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A powerful panel needs powerful experts. People who dare to challenge the status quo. But what does that mean for the composition of a panel? The most visible speakers are therefore not always the best. The same names often recur around the same themes. This way a lot of talent stays under the radar. And with them a different view, a refreshing angle, an opinion that really opens up the debate. That is why a plea for diversity is still desperately needed. Because talent is everywhere.
Diversity has many benefits. The most important one undoubtedly falls under the heading of 'collective intelligence'. Various studies show that the input of people from diverse backgrounds contributes significantly to the quality of a debate. Different experiences, perspectives and visions on the same subject allow for a broader conversation and that is precisely the intention of a panel: more ideas, more discussion. In short: an intelligent panel discussion.
Simple: diversity in all its facets. A mix of men and women ensures a mix of perspectives from different worlds. A mix of ages is important in a society that is changing rapidly, especially in terms of technological innovation. And a mix of cultural backgrounds also has an unmistakable added value in the approach to numerous subjects.
After all, expertise is so much more than the result of a linear gathering of knowledge. Expertise is also the sum of all obstacles encountered along the way, all mistakes made and all personal experiences. All of this affects the way you look at reality, and therefore also the way you think about solutions. The famous words of the French-American writer Anaïs Nin, We don't see things as they are, we see them as we are, illustrate this perfectly.
Another advantage is the existence of role models. Our view of the world, and therefore also of the future, is determined from an early age by heroes in books and films and later also by the people on screen or on stage. Throughout our lives we are influenced and inspired by leaders, experts and celebrities who shape our worldview. If we want to take an example from them, we must be able to recognize ourselves in them. And that is often difficult. That is why diversity is so important here: it allows us to realize our own ambitions.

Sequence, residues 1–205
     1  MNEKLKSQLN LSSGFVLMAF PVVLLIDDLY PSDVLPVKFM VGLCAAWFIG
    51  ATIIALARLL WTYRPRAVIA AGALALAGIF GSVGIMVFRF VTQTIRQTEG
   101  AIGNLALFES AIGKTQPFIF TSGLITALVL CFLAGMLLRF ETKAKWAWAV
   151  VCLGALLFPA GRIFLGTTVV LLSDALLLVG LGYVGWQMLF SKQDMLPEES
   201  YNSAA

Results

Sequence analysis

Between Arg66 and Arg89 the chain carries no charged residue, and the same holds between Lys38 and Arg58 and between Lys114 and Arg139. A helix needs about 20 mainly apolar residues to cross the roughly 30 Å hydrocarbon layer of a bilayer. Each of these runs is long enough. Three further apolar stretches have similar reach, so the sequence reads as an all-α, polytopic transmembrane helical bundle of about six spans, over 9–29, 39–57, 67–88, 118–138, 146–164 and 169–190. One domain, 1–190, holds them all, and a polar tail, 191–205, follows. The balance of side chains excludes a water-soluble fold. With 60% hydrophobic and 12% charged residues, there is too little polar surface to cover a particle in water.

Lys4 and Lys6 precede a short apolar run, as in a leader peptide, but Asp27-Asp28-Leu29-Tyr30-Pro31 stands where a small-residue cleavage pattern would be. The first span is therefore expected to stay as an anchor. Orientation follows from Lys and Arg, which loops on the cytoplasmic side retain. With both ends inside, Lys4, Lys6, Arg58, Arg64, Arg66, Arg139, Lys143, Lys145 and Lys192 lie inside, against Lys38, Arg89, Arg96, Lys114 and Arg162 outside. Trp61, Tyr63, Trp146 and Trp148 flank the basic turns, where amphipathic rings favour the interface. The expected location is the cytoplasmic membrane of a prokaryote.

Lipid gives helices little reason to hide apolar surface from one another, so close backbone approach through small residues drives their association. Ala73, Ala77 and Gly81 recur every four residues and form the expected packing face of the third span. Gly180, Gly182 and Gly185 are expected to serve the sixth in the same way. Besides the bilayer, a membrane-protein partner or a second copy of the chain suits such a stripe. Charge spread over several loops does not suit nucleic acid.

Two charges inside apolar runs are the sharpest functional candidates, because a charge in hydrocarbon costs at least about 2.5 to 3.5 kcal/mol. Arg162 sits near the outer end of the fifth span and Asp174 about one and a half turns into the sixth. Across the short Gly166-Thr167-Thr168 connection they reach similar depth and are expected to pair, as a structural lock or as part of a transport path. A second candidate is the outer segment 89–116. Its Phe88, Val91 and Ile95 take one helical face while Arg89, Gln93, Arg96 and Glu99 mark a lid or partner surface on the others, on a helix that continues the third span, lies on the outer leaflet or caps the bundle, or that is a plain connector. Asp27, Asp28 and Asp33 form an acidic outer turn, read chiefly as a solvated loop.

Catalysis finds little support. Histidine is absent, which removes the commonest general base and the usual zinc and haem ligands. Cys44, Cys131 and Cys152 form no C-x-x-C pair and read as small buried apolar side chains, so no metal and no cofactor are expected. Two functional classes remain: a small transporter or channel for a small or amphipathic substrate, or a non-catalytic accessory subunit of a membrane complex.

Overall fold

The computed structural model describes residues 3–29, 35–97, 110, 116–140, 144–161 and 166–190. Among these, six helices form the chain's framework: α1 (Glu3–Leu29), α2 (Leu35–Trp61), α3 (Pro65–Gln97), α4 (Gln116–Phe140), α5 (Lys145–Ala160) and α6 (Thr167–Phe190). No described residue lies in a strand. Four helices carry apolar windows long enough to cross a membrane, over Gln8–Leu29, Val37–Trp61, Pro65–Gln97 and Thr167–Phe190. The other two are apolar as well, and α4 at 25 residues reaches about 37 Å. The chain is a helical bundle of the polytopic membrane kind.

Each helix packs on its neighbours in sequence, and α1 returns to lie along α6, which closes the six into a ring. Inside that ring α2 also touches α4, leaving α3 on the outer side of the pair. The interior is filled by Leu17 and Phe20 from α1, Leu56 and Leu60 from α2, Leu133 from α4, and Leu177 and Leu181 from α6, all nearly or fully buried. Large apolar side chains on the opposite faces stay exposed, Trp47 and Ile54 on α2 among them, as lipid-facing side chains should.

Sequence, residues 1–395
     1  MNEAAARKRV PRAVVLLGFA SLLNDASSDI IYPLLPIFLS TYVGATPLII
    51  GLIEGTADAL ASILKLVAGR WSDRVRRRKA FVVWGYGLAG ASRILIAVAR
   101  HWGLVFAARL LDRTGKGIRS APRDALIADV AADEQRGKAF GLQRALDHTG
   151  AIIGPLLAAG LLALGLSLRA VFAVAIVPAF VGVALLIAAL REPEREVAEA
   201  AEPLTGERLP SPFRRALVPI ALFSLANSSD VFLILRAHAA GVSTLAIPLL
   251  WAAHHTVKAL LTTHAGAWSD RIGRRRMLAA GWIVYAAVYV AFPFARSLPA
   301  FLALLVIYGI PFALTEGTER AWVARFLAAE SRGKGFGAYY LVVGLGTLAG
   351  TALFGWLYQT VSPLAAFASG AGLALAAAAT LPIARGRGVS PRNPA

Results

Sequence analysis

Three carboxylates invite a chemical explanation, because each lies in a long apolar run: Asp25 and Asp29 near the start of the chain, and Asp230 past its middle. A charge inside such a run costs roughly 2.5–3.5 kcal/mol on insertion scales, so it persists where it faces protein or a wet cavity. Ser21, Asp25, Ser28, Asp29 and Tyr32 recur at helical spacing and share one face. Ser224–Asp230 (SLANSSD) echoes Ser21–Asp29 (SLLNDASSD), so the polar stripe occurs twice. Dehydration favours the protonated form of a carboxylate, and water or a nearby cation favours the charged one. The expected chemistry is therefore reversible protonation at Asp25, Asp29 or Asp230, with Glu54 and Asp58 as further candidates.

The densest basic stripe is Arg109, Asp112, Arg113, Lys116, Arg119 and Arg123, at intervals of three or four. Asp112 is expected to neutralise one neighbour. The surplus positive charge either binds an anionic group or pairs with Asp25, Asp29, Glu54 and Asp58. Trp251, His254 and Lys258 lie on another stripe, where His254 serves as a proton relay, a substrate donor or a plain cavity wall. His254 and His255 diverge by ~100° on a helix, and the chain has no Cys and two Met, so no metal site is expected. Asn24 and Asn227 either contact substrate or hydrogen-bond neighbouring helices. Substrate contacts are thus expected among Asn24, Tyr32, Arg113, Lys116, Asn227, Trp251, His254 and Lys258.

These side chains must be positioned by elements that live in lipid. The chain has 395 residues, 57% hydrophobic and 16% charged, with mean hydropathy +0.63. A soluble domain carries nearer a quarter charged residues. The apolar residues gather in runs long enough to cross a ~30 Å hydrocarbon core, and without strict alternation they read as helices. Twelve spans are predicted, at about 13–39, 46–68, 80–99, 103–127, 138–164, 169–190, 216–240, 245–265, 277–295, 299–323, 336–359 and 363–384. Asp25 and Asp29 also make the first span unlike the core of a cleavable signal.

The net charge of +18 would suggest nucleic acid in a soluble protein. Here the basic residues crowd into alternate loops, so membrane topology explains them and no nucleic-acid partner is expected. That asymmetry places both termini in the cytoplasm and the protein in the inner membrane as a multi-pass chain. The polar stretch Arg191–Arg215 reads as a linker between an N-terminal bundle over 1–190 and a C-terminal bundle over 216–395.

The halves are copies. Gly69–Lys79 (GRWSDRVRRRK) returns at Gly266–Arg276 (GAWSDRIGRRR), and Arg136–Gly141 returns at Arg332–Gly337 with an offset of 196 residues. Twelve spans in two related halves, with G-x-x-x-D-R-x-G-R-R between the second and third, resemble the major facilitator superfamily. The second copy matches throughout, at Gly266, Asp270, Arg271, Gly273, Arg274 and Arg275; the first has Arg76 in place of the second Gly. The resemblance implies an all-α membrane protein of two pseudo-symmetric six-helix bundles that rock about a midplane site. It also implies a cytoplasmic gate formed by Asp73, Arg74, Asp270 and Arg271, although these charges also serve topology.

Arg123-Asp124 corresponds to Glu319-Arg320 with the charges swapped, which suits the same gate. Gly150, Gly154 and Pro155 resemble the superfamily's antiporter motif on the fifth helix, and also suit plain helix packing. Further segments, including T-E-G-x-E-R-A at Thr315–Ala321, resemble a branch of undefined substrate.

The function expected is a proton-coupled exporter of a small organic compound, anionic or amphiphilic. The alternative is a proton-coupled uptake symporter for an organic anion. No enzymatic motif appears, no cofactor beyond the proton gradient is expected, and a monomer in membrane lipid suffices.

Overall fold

The importance of this recognisability has already been demonstrated. For example, a recent study shows that only 9% of questions from the audience are asked by women, when the panel consists entirely of men. If the panel is mixed, this percentage rises to 25%. So if we want to involve as many people as possible in the debate, visible diversity is a crucial first step.
Finally, diversely composed panels better meet the wishes of the public: in a 2020 survey conducted by Profacts among 1000 Belgians, 90% preferred debates between people with different characteristics and backgrounds. Moreover, the respondents made a clear connection between diversity, ethics and innovation.
The Inclusive Panels initiative is a handy tool that can facilitate the search for the most suitable speakers through an extensive overview of databases.
In addition, there is also a Charter that companies and organizations, but also individual speakers, can sign to express their commitment to more diversity in panels.